In this groundbreaking volume, Drs. David Garfield and Ira Steinman bring us into the immediacy of the analyst’s consulting room in direct confrontation with the thought disorder, delusions and hallucinations of their patients grappling with psychosis. From the early days of psychoanalysis when Freud explicated the famous Schreber case, analysts of all persuasions have brought a variety of theories to bear on the problem of schizophrenia and the other psychoses. Here, as William Butler Yeats notes, “the centre cannot hold” and any sense of self-esteem - positive feelings about oneself, a continuous sense of self in time and a functional coherence and cohesion of self - is shattered or stands in imminent danger.
What makes psychoanalytic self psychology so compelling as a framework for understanding psychosis is how it links together the early recognition of narcissistic impairment in these disorders to the “experience-near” focus which is the hallmark of self psychology. Now, with Garfield and Steinman’s descriptions of healing in the mirroring, idealizing and twinship experiences of treatment, the theory of self psychology, in a comprehensive fashion, is brought to bear on the psychoses for the very first time.
Join Garfield and Steinman as they bring the reader into these analytic journeys, inspired by Kohut and his followers and crafted with their own original insights as patients find their way back to a meaningful and functional existence.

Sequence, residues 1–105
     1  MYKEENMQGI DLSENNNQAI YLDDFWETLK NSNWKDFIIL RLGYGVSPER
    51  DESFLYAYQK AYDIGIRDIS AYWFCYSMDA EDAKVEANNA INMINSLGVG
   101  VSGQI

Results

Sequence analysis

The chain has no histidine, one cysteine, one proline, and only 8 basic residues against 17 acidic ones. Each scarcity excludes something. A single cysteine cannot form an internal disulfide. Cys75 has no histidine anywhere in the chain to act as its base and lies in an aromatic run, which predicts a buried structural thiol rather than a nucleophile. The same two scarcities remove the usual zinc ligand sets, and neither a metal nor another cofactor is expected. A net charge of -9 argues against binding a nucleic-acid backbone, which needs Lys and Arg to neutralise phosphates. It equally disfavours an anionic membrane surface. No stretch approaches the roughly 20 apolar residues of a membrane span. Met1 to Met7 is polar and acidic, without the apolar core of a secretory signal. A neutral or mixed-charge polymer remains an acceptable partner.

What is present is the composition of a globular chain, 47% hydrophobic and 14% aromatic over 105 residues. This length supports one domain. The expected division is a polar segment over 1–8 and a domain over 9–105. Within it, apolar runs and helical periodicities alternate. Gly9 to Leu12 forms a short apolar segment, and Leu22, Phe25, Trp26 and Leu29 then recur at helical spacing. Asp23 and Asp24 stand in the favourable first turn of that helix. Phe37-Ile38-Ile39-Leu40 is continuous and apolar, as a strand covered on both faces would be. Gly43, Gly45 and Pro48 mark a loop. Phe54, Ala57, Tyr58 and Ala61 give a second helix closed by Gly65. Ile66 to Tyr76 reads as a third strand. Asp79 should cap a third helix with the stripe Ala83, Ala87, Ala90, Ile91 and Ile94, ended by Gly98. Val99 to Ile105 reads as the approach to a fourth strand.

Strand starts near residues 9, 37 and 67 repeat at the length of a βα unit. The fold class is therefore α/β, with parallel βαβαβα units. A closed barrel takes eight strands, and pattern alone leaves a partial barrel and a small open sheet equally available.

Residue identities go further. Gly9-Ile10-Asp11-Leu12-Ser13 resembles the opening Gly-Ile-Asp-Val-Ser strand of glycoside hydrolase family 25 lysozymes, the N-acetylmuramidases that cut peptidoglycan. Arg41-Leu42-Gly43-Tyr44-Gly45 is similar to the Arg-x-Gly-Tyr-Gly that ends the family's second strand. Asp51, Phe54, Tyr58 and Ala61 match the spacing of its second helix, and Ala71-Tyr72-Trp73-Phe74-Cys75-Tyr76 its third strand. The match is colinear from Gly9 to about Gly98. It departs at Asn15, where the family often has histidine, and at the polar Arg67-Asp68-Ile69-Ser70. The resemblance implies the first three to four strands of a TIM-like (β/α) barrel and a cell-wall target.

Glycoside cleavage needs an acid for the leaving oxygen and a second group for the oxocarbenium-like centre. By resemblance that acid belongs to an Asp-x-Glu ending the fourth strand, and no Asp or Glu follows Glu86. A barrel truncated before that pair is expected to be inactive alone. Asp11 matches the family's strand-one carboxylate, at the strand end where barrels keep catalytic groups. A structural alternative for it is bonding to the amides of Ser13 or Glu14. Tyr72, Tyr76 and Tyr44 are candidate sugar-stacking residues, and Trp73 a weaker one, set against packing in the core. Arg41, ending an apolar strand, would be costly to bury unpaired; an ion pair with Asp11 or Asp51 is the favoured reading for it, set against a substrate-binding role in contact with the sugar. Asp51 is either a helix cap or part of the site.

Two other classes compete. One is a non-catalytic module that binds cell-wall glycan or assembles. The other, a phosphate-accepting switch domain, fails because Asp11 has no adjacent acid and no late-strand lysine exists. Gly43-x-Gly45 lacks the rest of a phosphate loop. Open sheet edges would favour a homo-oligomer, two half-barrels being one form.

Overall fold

About the Authors:
David Garfield is Professor, Associate Chair and Director of Residency Training in the Department of Psychiatry and Behavioural Sciences at Rosalind Franklin University of Medicine and Science, Chicago Medical School. He is also faculty at the Insitute for Psychoanalysis, Chicago.
Ira Steinman has focused on schizophrenia for 45 years; his early training ranged from studying with R.D. Laing to working at the National Academy of Sciences' Drug Efficacy Study, which evaluated all the antipsychotic medications available at that time. For more than 35 years, he has pursued an out-patient psychiatric practice where he has been able to demonstrate that an intensive psychoanalytic psychotherapy, in conjunction with the judicious use of antipsychotic medication, can help even the most lost and disturbed schizophrenic and delusional patients recover, heal and, at times, achieve a cure. With such an approach, some allegedly ""untreatable"" schizophrenics have been able to work their way off of antipsychotic medication. He has spoken on this subject at length on a local, statewide, national and international level for more than twenty five years. He is a member of the ISPS (International Society for the Psychological Treatments of the Schizophrenias and other Psychoses); the American Psychiatric Association; and the Northern California Psychiatric Association